Flat Rock resident Georgia Bonesteel has written 10 books on quilting, was the founding president of the Western North Carolina Quilters Guild, and has served as president of the International Quilt Association. But she’s best known for the instructional Lap Quilting public-television show she developed in 1979. The program went viral before viral was a concept, and reruns are still being broadcast.
“The response was overwhelming,” Bonesteel recalls. “I recognized quilting on the home front and gave viewers the confidence that they could do it, too. And they wanted to tell me about it. I’d receive 200 or 300 letters a day from my groupies.” They’d include $5 to buy her instructional booklet, too.
“We were stuffing envelopes on the dining table,” she says. “The sales of that booklet allowed me and my husband to buy a hardware store.”
On May 6, Bonesteel will be one of 11 new inductees into the Henderson County Walk of Fame, which honors residents, both past and present, who have made significant contributions to Henderson County. Walk of Fame sidewalk markers are placed in downtown Hendersonville.
“By accepting this honor, I feel like I’m recognizing and standing up for all the creative people I know,” says Bonesteel. Then she adds, with a chuckle, “And I think it’s more fun to be one of the honorees who is still alive.” The other living honoree is nationally acclaimed author Robert Morgan, who celebrates his native Henderson County through novels, poetry, and nonfiction.
Other new inductees, all deceased, include Josiah Johnson, a farmer who created sustainable agricultural markets for future generations of farmers. Albert Edwards was Hendersonville’s longest-serving mayor. Dr. Kenneth Cosgrove founded the first Pardee Intensive Care Facility, and his wife Eleanor served as Director Emeritus of the Blue Ridge Community College Education Foundation. Louise Bailey was a local author and historian, and dairy farmer Albert Browning, Jr. helped establish the Hendersonville Housing Authority. Grace Etheredge founded the Art League of Henderson County, and Frank Ewbank was a founding trustee of Blue Ridge Community College. One of the most enduring gifts to Henderson County was from another newly inducted Walk of Fame member, the late Robroy Farquhar, founder of Flat Rock Playhouse.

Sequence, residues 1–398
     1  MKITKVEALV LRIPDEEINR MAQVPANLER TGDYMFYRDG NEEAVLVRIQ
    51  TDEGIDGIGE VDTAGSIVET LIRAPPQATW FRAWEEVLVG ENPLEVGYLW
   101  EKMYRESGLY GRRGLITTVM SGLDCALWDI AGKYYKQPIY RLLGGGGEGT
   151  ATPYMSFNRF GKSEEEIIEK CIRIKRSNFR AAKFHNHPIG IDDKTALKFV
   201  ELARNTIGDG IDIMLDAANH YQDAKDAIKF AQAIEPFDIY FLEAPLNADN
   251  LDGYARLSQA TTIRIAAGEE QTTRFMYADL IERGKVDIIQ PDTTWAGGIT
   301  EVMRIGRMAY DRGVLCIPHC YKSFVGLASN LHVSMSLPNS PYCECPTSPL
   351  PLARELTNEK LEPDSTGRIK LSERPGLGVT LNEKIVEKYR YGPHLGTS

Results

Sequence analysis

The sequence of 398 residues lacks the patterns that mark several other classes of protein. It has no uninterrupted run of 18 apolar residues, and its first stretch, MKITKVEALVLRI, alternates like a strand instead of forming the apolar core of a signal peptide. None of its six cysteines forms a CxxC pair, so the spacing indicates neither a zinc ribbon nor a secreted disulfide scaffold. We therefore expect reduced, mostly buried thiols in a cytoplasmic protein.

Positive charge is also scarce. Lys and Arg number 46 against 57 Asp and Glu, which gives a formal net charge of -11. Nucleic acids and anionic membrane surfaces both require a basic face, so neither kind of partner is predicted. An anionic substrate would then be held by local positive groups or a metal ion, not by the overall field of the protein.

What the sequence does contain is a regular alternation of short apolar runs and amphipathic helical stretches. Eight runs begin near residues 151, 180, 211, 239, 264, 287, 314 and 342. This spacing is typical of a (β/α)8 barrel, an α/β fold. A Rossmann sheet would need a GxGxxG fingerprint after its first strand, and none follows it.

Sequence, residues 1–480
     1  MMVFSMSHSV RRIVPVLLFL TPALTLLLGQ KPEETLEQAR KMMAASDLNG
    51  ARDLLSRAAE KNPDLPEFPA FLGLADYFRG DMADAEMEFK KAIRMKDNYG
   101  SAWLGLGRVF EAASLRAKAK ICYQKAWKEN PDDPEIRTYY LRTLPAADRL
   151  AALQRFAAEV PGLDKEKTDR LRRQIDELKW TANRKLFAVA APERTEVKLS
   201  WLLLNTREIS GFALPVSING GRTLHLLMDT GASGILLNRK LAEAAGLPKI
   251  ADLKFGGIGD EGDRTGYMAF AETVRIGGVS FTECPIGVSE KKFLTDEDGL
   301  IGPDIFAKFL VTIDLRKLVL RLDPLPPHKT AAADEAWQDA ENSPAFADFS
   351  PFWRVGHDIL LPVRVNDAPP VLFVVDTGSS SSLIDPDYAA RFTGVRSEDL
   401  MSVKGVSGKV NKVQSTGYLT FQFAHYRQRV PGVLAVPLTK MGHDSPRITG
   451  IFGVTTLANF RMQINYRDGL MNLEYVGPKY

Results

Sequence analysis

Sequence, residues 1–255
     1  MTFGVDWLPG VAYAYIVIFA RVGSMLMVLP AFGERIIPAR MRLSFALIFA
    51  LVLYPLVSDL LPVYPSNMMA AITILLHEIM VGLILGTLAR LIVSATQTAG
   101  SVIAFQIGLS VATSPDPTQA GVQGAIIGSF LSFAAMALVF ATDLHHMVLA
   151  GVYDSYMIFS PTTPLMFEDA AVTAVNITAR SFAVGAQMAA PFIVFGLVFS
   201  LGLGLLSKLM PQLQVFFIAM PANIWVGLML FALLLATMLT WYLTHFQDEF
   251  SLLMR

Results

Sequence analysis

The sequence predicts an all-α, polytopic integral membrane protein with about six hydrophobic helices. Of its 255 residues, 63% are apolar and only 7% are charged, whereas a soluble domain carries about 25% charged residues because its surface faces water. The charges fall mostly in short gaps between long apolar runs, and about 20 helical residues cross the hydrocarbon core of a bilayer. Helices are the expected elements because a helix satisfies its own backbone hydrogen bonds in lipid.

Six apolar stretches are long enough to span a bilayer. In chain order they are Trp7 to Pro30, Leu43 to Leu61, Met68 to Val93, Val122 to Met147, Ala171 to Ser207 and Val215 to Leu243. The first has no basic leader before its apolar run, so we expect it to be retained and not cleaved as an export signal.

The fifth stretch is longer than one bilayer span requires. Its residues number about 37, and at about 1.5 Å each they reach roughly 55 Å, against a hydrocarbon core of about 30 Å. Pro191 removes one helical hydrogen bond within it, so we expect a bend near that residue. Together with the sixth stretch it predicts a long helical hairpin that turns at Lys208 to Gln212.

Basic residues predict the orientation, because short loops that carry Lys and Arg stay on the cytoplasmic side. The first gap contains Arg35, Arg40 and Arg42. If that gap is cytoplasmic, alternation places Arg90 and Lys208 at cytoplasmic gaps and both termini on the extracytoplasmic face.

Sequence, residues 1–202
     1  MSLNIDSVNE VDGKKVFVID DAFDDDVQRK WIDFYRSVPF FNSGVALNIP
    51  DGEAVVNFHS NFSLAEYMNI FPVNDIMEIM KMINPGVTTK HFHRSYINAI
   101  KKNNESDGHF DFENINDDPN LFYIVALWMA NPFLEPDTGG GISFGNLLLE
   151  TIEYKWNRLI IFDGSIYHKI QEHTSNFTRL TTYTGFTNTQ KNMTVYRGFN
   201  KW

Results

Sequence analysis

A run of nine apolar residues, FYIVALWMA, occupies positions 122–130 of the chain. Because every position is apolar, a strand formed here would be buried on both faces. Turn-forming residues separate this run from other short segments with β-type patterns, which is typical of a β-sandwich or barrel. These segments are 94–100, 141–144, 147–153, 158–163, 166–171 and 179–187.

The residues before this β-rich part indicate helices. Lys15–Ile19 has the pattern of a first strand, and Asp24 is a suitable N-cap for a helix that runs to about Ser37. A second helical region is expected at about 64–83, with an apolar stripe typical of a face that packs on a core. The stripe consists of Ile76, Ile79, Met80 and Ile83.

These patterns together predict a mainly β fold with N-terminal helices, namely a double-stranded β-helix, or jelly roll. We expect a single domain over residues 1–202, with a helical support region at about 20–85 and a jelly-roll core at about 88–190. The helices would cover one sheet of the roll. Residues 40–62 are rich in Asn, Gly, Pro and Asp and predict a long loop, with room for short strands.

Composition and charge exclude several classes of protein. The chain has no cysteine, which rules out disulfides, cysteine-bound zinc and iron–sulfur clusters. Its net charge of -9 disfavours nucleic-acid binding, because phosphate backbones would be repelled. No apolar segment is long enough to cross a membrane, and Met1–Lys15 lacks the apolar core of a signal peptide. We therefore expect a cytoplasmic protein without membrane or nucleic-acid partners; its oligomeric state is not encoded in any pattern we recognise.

An English-born actor from Greenwich Village, New York, Farquhar formed an itinerant troupe called the Vagabond Players. After fighting under General Patton during World War II, Farquhar permanently resettled — along with his Vagabond Players — to Henderson County. By the early 1950s they had acquired a tract of land in Flat Rock, raised a circus tent, and officially launched the Flat Rock Playhouse. Farquhar, who loved animals, would sometimes introduce plays by handing out free kittens to the audience, like purring door prizes. Less than a decade after it opened, Flat Rock Playhouse was officially designated as the state theater of North Carolina. Today the professional venue has two facilities, hosts year-round plays and events to more than 98,000 patrons, and is deeply involved in community outreach and education.
Lisa K. Bryant, the Playhouse’s producing artistic director, thinks Farquhar would approve. She notes his dedication to Henderson County and its residents and says, “he would be so honored to know that his love … would be reflected back to him with his very own star.”
markers for the 2018 honorees will be placed Sunday, May 6, at 2:30pm on King Street between Third and Fourth Avenues East. A fundraising banquet will follow at Carolina Village at 6pm. Guests are asked to park at the Epic Theater parking lot (U.S. Hwy. 64 East at Thompson Street). Shuttle buses to Carolina Village will be provided, beginning at 5pm. A wine-and-cheese reception in the Fireplace Lounge will precede the banquet at 5:30 p.m. Banquet tickets are $25 each. Tickets will be sold at the Visitors Information Center at 201 S. Main Street, Hendersonville. 828-693-9708.